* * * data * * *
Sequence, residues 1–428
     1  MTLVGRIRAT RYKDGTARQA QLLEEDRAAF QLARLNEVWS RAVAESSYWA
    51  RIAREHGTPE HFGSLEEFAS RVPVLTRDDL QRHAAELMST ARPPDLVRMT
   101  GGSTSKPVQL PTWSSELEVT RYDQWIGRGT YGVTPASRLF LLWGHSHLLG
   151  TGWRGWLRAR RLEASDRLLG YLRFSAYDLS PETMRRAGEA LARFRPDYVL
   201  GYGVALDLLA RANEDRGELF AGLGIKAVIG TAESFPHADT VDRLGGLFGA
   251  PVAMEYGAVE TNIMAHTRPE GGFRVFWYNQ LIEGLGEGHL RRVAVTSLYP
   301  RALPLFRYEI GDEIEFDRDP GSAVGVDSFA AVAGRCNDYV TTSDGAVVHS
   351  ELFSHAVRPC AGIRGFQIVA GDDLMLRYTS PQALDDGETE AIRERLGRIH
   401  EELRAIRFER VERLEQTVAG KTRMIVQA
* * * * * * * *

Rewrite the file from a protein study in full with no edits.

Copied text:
Sequence, residues 1–428
     1  MTLVGRIRAT RYKDGTARQA QLLEEDRAAF QLARLNEVWS RAVAESSYWA
    51  RIAREHGTPE HFGSLEEFAS RVPVLTRDDL QRHAAELMST ARPPDLVRMT
   101  GGSTSKPVQL PTWSSELEVT RYDQWIGRGT YGVTPASRLF LLWGHSHLLG
   151  TGWRGWLRAR RLEASDRLLG YLRFSAYDLS PETMRRAGEA LARFRPDYVL
   201  GYGVALDLLA RANEDRGELF AGLGIKAVIG TAESFPHADT VDRLGGLFGA
   251  PVAMEYGAVE TNIMAHTRPE GGFRVFWYNQ LIEGLGEGHL RRVAVTSLYP
   301  RALPLFRYEI GDEIEFDRDP GSAVGVDSFA AVAGRCNDYV TTSDGAVVHS
   351  ELFSHAVRPC AGIRGFQIVA GDDLMLRYTS PQALDDGETE AIRERLGRIH
   401  EELRAIRFER VERLEQTVAG KTRMIVQA